As Veli-Matti Karkkainen (hereafter VMK) has pointed out, Tillich and Karl Barth have at least one thing in common. They were both trained in the classical, Harnackian liberal school of theology. However, from their similar backgrounds come very different understandings of God and how to do theology. While Barth viewed God as the “wholly other,” the God who stands in radical transcendence over and against culture, Tillich worked for “correlation, if not synthesis,” between the modern world and Christian Theology (130).
Before we begin to delve into Tillich’s Doctrine of God, it will be beneficial to look a bit at his unique methodology. There are two main assumptions that undergird Tillich’s work:
1. There is some common ground between the Christian message and the modern world. To quote Tillich “Philosophy formulates the questions implied in human existence, and theology formulates the answers implied in divine self-manifestation under the guidance of the questions implied in human existence (130-131).” VMK sums up Tillich’s view of faith and reason by stating that for Tillich “reason does not resist revelation but rather asks for it; revelation entails the reintegration of reason (131).
2. Tillich subscribes to the view that sees ontology as the gateway to the notion of God. Continuing the long tradition that includes Augustine, Anselm, and Descartes, Tillich sees the question of being and its counter part “non-being” as the question for the modern person (131) Finally, it should be noted that Tillich didn’t believe such a focus would provide the final answers to the modern man’s questions. Despite that belief, Tillich still valued ontology, and philosophy in general, because of the questions it poses for Christian theology (131).
These two assumptions end up playing out in how Tillich forms his theology in the following ways:
1. According to Tillich, theology should be apologetic. Tillich isn’t referring to proofs for God existence or objective values, but rather that the Christian faith should be presented in a way that modern people can understand it and find it helpful for their needs. This more “user-friendly’ approach would have been scandalous to someone like Karl Barth, but for Tillich this is a simply a natural outgrowth of his belief that the Gospel and modern culture aren’t mutually exclusive systems or categories. For Tillich the gap between Christian faith and modern reason isn’t very far at all. In fact, Tillich would argue that setting the two in opposition to each other is detrimental to the theological task. Point #2 below describes his view of how faith and reason work together.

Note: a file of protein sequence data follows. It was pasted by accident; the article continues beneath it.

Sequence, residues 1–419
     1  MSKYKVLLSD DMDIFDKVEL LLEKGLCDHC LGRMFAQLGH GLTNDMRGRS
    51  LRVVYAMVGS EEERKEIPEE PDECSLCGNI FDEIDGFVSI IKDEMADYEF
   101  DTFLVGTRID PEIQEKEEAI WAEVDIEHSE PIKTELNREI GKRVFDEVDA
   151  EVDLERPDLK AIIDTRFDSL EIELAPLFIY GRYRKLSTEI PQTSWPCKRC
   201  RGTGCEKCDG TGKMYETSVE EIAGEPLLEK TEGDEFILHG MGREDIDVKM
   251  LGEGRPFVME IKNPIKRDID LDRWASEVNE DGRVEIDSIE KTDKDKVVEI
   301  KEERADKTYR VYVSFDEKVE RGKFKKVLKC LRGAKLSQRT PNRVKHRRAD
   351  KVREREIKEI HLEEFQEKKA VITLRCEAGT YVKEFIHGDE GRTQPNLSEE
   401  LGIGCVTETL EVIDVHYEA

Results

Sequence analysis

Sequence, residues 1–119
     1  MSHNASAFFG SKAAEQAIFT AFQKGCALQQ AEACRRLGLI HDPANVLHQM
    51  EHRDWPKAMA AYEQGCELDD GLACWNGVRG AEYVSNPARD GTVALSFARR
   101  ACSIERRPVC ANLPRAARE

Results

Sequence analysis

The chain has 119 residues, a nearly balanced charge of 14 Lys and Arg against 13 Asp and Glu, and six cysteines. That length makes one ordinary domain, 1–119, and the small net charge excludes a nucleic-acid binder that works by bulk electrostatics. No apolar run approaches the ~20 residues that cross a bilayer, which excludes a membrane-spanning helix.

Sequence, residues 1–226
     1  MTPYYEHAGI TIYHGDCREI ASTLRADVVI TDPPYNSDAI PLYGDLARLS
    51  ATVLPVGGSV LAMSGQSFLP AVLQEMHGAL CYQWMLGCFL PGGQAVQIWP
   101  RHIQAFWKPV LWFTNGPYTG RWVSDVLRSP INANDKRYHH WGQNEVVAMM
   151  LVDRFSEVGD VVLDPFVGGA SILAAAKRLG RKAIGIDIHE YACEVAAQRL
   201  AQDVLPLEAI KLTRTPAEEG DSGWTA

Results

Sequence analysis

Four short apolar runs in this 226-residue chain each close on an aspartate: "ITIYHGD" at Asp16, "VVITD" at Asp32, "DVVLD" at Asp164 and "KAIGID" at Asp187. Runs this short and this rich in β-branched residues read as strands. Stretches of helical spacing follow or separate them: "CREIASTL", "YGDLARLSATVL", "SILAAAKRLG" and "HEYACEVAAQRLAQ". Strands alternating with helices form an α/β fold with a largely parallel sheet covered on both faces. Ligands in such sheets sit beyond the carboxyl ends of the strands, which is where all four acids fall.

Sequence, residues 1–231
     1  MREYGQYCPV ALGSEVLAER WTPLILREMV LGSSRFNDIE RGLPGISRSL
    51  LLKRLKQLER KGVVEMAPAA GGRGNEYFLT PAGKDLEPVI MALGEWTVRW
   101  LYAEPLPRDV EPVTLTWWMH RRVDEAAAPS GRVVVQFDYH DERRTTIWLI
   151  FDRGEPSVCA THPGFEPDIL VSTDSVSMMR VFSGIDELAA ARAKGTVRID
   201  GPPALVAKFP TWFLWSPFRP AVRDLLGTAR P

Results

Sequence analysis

2. Tillich sought to bring together (“Correlate”) theological truth with contemporary philosophical or cultural questions.* Tillich’s conviction regarding modern culture’s compatibility with theological truth is what drove him to focus on ontology. This was because, as stated earlier, that Tillich viewed being and the threat of non-being, and a way to overcome non-being, as the central concerns for modern man. Modern secular men and women, according to Tillich, are constantly filled with anxiety over the prospect of non-being, and are hoping to find a way to overcome it. To put the matter succinctly, people are afraid of dying, and answering how such fears of the reality of death can be overcome is the central question theology is to be occupied by (Wikipedia, Tillich, VMK 131).
With this foundation in place, we are ready to explore Tillich’s distinct views regarding God. Clear as mud?